They pulled up in front of a high rise building just as a handsome man exited. Georgia recognized him immediately as the older version of her sweet little boy. Hesitantly, she inquired, “What does he do?”
“Oh, Georgie is quite a success story!” beamed Clara. “He made short work of college, graduating at the top of his class. He now holds a master’s degree and is one of the wealthiest men in this state.”
“Well, finally!” said Georgia. “I always knew Georgie would turn out well! What about family? Does he have children?”
“Georgie doesn’t really have the time, or the inclination, for family. You see, he works upwards of eighty hours a week (The business world is very competitive, you know.) To stay at the top of his game, he must devote himself exclusively to his corporation.”
“Of course, I can understand that,” retorted Georgia, “but surely he has time for a social life.”
“He makes time when socializing would benefit him in some way. He has a regular golf date with a couple of local politicians, and he often cuts the day short for a game of racquetball when his scout reports to him that his competition is at the gym.”
“Look, I know that businessmen must work hard, but I just can’t see Georgie turning out like this. His father passed up a big promotion in the corporate world in order to begin working out of our home. We aren’t as well off as we might like, but Marty makes a good living, and—more importantly—he has been a wonderful role model for all our children. They know that family is Marty’s priority, and I just don’t think Georgie would choose … “
A little impatient, Clara interrupted, “In this reality, Marty took that promotion. Why would he choose to be at home? You and the children were gone all day. As soon as Georgie was school age, you returned to the work force and have been there ever since. It was your salary that paid for this cute little car of yours. Sure, Marty is a good Christian father who tries to be a good role model, but what he really models in this reality is that working to get ahead and provide things for his family is his priority.”
For the first time, Georgia began to clearly understand what she was seeing this evening. “Oh, Clara,” she cried, “I just don’t know what to say!”
Clara’s countenance softened as she sensed Georgia’s brokenness. After a moment’s pause she said, “So you see, Georgia, yours really is a wonderful home school. Your problem is that you look at your efforts with your eyes, not with God’s eye. If He has called you to homeschool your children, you must trust that He has His reasons. Don’t be so quick to judge yourself a failure. While you may struggle and stumble in this present day, if you will stay the course, your obedience to God’s call will someday garner you the ultimate praise, ‘Well done, my good and faithful servant.’”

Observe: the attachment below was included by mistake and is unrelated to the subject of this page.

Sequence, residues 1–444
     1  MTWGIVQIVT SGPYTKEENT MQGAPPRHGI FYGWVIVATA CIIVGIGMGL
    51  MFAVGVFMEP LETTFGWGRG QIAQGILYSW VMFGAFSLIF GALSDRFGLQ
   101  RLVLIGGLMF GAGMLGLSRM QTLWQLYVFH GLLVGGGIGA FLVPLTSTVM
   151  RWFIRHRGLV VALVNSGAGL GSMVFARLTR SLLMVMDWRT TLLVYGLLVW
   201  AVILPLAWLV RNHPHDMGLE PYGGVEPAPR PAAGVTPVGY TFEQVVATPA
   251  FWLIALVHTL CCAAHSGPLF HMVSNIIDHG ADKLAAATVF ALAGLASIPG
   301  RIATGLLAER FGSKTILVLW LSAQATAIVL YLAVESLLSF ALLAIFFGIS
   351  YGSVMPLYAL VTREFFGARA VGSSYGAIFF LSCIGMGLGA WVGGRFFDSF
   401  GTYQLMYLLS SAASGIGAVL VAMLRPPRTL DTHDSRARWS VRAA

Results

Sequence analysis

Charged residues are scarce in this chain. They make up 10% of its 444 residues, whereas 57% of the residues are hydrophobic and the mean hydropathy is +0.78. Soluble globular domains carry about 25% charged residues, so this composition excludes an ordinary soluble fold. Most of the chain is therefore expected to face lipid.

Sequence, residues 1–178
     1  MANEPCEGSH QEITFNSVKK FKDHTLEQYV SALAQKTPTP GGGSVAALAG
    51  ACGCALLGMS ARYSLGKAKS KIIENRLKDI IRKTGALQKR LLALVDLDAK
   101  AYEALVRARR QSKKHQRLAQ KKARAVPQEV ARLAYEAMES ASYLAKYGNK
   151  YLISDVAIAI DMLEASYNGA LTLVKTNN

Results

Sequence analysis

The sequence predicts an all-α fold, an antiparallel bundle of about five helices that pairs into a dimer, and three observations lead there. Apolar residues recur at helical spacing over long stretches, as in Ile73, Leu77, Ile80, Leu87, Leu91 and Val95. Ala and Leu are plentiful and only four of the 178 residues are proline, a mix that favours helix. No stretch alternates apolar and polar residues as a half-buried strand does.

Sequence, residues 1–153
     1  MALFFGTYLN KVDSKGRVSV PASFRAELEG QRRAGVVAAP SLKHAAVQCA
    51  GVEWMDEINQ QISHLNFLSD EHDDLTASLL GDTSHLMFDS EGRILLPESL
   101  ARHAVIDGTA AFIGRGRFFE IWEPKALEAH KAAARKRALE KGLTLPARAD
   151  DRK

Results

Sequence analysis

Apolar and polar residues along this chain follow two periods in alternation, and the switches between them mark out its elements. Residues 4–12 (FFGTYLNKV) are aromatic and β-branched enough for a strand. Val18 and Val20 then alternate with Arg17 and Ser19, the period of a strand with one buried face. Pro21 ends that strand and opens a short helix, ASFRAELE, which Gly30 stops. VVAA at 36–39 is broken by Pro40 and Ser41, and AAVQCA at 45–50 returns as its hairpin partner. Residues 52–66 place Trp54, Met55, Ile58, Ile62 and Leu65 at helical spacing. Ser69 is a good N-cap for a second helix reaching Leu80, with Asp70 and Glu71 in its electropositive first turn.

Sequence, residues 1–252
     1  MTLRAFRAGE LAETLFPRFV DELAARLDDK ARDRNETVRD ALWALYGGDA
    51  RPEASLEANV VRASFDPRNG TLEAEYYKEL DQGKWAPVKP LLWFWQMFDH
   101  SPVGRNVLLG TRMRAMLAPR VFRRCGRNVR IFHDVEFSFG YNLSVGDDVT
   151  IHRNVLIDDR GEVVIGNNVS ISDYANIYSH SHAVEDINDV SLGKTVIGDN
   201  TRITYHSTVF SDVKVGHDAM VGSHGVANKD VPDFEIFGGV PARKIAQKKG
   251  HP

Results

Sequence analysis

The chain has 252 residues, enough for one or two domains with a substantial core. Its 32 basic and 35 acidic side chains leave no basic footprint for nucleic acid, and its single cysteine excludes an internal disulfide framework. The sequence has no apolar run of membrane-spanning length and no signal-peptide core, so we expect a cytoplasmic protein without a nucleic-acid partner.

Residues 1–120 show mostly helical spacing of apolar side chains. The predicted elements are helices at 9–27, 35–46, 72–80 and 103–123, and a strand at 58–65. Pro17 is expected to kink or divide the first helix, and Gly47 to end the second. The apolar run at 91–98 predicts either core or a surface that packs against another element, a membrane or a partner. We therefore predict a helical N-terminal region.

Georgia leaned back in her seat and closed her eyes, praying as she did, “Lord, forgive my weakness and my fear. Thank You for reminding me that the rewards of this lifestyle are eternal. Thank You for giving me the opportunity to raise children that love and honor You. Thank You for my home school!”
Her cell phone started ringing, bringing Georgia back to the moment. When she opened her eyes, she found herself all alone in the driver’s seat of her minivan. She answered the phone and heard Johnny’s voice. “Mom, are you coming home, or what?”
“Yes, Johnny, I’m on my way. What’s up?”
“Well, I just thought you were gonna help me with this goofy paper – that’s all! I can’t find anything on this Machiavelli guy, and you said you would help!”
“I’ll be home in ten minutes, but I had an idea tonight. Instead of Machiavelli, why don’t we do your report on Leonardo da Vinci? I think you might find him a little more interesting.”
“Yeah, whatever ….”
Mary James – has written 14 posts on this site.
Mary James has a heart for those parents who are new to home schooling or in the process of making that decision. She is the mother of eight children, and is currently homeschooling the seven who are still school age. Mary serves on the Texas Home School Coalition Board of Directors and is the president and cofounder of of Smoothing the Way, a support group to inform and encourage those who have decided to take on the exciting, yet sometimes daunting, task of educating their own children. Mary and her family live in Bastrop, Texas.